This week, I arrived to fog and cloudy skies, a high of 47, and aspens that were just starting to leaf out. I put away my expectations and enjoyed a day that felt more like early May than early June. In my yard, the pasqueflowers had dropped their petals, leaving behind long silky tendrils (bottom).
As I set out for my afternoon hike, I wore my sweatshirt and wool cap; if I had gloves (optimistically, perhaps foolishly, I had taken them out of the car), I would have worn them. As I went higher, I could see breaks in the clouds, just glimpses of Mount Meeker and the surrounding mountains,. By the time I got the top of the road, the sky had totally opened, and Meeker and the corner of Longs Peak were exposed in all their powerfulness.
At the same time, tendrils of clouds softenened their gray granite flanks (above), as the sun’s rays hit their cold and moist surfaces, creating banks of clouds that dreamily floated in and around the summits of these two massive mountains. I sat on a boulder mesmerized, watching the clouds form and disappear as fast as I could take a picture. In front of me the meadow grass was nearly a half foot tall, aspens were that lime green when the leaves first appear (almost as brilliant as the autumn's gold right before they disappear), and the sky was a soft, almost angelic blue. It all spoke of spring, the world born anew.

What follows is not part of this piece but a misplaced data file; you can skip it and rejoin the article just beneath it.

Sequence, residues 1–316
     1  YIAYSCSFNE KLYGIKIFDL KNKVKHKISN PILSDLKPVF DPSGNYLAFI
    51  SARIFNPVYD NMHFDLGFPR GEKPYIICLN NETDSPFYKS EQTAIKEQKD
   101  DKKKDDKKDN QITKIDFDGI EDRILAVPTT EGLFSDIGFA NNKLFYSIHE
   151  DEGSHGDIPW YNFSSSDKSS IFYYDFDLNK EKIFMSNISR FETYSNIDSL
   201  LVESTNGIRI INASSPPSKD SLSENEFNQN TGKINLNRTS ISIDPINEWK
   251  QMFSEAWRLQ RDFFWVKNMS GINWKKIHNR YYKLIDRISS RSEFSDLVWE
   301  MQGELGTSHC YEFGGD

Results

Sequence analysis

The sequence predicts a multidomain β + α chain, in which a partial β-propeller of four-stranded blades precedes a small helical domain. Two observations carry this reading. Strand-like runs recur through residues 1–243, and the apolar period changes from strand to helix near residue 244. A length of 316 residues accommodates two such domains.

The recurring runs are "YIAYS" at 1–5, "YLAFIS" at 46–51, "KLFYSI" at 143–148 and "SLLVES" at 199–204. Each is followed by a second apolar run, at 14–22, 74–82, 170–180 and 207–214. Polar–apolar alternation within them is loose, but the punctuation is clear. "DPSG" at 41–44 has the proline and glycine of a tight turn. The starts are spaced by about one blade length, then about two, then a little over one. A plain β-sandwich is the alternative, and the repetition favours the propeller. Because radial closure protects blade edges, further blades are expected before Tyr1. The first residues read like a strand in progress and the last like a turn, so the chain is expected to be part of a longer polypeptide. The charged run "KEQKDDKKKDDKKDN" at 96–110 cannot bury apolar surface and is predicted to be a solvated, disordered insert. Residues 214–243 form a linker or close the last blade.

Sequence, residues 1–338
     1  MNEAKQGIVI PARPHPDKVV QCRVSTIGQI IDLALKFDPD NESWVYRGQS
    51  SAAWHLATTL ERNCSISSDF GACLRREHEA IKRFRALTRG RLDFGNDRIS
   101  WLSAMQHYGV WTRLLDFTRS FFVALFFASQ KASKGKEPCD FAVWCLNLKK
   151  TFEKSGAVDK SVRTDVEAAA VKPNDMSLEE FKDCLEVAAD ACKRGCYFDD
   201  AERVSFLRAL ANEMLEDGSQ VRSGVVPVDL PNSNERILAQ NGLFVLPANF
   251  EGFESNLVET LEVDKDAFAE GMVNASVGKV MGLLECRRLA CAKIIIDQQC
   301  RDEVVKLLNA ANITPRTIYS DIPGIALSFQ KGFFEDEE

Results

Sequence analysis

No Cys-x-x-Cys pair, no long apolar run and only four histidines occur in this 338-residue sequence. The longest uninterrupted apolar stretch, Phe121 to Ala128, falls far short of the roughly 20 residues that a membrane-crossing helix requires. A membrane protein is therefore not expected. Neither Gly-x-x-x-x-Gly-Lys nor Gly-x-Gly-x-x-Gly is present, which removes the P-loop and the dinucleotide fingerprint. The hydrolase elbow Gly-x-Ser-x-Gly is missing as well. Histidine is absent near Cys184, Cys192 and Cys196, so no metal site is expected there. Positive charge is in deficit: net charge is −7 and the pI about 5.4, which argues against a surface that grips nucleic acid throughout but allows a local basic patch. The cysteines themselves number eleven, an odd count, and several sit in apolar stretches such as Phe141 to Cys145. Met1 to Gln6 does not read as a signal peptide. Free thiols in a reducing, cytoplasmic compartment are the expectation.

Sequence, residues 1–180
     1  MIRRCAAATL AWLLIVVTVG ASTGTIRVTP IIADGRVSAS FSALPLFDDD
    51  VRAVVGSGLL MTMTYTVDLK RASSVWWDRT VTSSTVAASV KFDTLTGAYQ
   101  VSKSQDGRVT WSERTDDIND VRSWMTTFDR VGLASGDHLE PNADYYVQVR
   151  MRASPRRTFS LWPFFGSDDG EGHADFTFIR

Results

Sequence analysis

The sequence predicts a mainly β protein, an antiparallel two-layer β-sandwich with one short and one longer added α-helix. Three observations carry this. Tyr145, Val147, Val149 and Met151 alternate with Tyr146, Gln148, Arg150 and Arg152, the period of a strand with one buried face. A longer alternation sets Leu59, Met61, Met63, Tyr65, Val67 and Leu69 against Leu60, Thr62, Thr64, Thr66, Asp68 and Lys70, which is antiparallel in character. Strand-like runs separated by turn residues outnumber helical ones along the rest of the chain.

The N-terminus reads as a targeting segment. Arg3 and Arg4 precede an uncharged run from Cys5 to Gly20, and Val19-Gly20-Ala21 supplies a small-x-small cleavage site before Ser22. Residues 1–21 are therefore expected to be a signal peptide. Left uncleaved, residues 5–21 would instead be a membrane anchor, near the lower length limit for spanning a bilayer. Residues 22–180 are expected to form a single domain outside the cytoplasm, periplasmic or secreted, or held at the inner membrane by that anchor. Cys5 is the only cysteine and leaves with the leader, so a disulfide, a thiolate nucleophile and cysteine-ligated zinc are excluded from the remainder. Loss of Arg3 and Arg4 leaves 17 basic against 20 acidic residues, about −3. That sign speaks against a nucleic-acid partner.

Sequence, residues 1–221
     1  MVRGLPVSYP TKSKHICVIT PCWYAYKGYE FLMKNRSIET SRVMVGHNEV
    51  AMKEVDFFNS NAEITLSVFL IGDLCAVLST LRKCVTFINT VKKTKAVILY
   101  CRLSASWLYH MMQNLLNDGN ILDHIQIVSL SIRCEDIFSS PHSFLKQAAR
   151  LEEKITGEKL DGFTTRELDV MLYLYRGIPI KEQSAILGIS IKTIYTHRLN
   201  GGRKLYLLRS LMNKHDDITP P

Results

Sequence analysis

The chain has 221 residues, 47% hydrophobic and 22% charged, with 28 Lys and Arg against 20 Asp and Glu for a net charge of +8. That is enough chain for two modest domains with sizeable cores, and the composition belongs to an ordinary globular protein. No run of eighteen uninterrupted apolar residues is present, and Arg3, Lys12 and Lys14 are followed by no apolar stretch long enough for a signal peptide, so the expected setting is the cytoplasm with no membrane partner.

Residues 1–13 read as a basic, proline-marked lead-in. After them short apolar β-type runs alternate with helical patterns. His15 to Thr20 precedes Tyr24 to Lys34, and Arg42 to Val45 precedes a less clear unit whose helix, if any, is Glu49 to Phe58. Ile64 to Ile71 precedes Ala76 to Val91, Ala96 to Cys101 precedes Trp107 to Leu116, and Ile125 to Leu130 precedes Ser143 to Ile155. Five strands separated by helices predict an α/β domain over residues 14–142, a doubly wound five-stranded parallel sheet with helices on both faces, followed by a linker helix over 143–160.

I couldn’t move, even though I wanted to see what was beyond on this Forest Service road I had just discovered. So I sat there, peeling off layers of clothing, letting myself settle softly into this almost-summer day.